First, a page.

NASA has targeted September 23rd for the next Artemis 1 launch attempt, but a lot is in the works
NASA’s Hubble discovered spiral stars, providing a window into the early universe
Spirals are prevalent in nature—from the whirlpools of hurricanes, to pinwheel-shaped protoplanetary disks around newborn stars, to the vast expanses of spiral galaxies in our universe.
Now astronomers are eager to find young stars orbiting at the center of a large cluster of stars in the Small Magellanic Cloud, a satellite galaxy of the Milky Way.
In this giant, oddly shaped stellar nursery called NGC 346, the outer arm of the spiral may be feeding star formation in a river-like motion of gas and stars. Scientists say this is an efficient way to stimulate star birth.
The Small Magellanic Cloud has a simpler chemical composition than the Milky Way. This makes galaxies similar to those found in the younger universe when heavy elements were much rarer. Because of this, the stars in the Small Magellanic Cloud become hotter and run out of fuel faster than our own Milky Way.
Although it can serve as a proxy for the early universe, the Small Magellanic Cloud is also one of our closest galactic neighbors, just 200,000 light-years away.
Discovering how stars form in the Small Magellanic Cloud sheds new light on how stars may have been born early in the universe’s history, when a “baby boom” was underway about 2 to 3 billion years after the Big Bang. The universe is now 13.8 billion years old).
According to the new findings, the star formation process there is similar to that of our own galaxy.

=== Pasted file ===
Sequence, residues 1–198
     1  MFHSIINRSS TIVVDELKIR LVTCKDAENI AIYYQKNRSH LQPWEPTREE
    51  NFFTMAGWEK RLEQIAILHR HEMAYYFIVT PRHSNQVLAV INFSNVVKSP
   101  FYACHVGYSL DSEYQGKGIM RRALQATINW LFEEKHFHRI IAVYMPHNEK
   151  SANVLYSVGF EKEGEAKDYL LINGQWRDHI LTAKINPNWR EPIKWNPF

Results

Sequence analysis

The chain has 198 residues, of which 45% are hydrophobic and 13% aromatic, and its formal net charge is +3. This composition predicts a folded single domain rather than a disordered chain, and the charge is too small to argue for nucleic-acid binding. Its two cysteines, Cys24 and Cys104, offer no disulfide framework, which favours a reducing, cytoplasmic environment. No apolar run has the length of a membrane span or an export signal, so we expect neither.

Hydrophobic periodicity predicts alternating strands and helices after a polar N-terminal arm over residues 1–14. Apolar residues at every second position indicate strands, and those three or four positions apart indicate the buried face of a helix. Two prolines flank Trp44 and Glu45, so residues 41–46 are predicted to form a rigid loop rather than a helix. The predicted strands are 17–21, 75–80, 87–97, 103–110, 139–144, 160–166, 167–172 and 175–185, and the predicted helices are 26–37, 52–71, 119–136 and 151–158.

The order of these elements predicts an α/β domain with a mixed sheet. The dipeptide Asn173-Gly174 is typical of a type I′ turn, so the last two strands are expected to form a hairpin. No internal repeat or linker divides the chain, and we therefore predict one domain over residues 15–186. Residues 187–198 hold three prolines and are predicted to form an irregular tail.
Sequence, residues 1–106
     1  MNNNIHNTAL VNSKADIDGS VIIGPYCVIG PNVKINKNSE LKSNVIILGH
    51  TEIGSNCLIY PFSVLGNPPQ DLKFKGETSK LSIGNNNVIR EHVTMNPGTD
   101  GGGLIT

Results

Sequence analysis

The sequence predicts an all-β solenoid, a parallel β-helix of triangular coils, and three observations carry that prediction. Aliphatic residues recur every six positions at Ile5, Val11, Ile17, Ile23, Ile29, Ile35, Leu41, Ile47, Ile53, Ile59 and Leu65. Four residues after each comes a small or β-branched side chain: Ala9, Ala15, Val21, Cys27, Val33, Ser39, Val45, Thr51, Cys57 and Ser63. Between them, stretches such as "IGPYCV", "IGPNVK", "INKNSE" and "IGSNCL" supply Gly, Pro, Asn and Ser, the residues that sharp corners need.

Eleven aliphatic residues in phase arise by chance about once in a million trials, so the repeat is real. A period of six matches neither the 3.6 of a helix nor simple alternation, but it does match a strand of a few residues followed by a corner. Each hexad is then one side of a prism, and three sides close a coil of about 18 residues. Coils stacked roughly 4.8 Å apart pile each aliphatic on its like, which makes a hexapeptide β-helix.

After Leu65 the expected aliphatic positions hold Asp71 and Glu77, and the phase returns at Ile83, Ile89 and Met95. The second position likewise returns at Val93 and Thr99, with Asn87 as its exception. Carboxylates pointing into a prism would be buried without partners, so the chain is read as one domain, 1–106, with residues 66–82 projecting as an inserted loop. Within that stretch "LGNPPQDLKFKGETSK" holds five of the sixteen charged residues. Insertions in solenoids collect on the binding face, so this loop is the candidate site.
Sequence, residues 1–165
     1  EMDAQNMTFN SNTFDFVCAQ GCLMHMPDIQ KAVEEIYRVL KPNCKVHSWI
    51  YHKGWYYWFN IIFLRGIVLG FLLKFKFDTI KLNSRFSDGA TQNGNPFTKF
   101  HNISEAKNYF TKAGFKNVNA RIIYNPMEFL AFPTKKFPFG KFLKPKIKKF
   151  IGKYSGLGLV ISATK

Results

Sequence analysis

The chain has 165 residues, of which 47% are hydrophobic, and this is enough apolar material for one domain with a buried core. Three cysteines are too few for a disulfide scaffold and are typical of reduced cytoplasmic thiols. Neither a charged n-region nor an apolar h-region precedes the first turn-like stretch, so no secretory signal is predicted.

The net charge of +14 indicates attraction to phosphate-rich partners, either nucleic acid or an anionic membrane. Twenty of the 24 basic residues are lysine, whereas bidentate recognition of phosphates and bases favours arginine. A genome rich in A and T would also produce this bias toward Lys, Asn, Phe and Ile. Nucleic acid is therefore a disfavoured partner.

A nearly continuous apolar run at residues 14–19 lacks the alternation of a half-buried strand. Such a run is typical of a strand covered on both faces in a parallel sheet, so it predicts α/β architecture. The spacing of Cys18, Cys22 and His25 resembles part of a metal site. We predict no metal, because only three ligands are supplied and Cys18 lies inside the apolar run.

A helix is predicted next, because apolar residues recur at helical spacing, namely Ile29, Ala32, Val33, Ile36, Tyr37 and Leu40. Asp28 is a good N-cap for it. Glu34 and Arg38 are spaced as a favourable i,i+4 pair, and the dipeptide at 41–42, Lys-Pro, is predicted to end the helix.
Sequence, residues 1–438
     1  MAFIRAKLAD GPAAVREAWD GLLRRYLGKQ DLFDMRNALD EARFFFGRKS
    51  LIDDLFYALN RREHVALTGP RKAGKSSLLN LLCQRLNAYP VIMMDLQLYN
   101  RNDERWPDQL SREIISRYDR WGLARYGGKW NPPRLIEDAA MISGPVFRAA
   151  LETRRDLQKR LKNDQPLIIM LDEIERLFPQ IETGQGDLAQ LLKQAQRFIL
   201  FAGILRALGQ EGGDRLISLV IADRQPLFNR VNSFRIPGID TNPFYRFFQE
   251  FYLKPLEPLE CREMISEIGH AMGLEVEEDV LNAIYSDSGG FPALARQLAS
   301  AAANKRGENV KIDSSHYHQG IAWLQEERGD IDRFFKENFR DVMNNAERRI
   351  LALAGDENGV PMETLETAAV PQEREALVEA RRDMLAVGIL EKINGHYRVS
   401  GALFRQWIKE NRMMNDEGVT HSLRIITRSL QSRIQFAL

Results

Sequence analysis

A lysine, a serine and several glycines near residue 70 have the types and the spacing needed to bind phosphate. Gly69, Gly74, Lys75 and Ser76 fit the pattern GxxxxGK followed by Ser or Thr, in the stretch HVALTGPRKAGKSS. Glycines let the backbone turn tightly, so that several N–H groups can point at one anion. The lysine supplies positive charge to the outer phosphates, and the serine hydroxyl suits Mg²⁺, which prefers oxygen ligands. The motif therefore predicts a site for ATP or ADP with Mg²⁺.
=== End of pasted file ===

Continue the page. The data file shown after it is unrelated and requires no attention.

NGC 346 has a mass of 50,000 Suns despite being only 150 light-years in diameter. Its impressive size and rapid star-formation rate have surprised astronomers. Deciphering the behavior of this mysterious-looking stellar nest required the combined power of NASA’s Hubble Space Telescope and the European Southern Observatory’s Very Large Telescope (VLT).
“Stars are the machines that sculpt the universe. We don’t have life without stars, and we still don’t fully understand how they form,” explained study leader Elena Sabbi at the Space Telescope Science Institute in Baltimore. “We have several models that make predictions, and some of these predictions are conflicting. We want to determine what is regulating the star formation process, because these are the rules that we also need to understand what we see in the early universe.
Scientists determined the motion of the stars in NGC 346 in two different ways. Using Hubble, Sabbi and her team measured changes in the stars’ positions over 11 years. Stars in this region are moving at an average speed of 2,000 miles per hour, resulting in a movement of 200 million miles in 11 years. This is twice the distance between the Sun and the Earth.
However, this cluster is relatively far away, within a neighboring galaxy. This means that the amount of motion observed from your vantage point is very small and therefore difficult to measure. These extraordinarily precise observations were made possible only by Hubble’s superior resolution and high sensitivity. In addition, Hubble’s three-decade history of observations provides a baseline for astronomers to follow celestial movements moment by moment over time.
A second team led by Peter Zedler of AURA/STScI for the European Space Agency (ESA) used the ground-based VLT’s Multi Unit Spectroscopic Explorer (MUSE) instrument to measure the radial velocity, which determines whether an object is approaching. an observer.
“What’s really surprising is that we used two completely different methods with different facilities and came to the same conclusion basically independently of each other,” Zedler said. “With Hubble, you can see the stars, but with MUSE we can also see gas moving in the third dimension, and this theory confirms that everything is rotating inward.”